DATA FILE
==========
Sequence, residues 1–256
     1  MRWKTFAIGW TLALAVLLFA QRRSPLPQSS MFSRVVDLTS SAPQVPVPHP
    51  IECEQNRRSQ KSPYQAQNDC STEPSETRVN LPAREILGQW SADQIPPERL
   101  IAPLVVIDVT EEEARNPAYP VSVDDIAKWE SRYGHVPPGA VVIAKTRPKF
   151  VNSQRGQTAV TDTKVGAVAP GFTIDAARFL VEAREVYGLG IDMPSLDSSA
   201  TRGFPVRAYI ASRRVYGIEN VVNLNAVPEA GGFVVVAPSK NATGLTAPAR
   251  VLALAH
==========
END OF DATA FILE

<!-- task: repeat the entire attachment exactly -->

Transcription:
Sequence, residues 1–256
     1  MRWKTFAIGW TLALAVLLFA QRRSPLPQSS MFSRVVDLTS SAPQVPVPHP
    51  IECEQNRRSQ KSPYQAQNDC STEPSETRVN LPAREILGQW SADQIPPERL
   101  IAPLVVIDVT EEEARNPAYP VSVDDIAKWE SRYGHVPPGA VVIAKTRPKF
   151  VNSQRGQTAV TDTKVGAVAP GFTIDAARFL VEAREVYGLG IDMPSLDSSA
   201  TRGFPVRAYI ASRRVYGIEN VVNLNAVPEA GGFVVVAPSK NATGLTAPAR
   251  VLALAH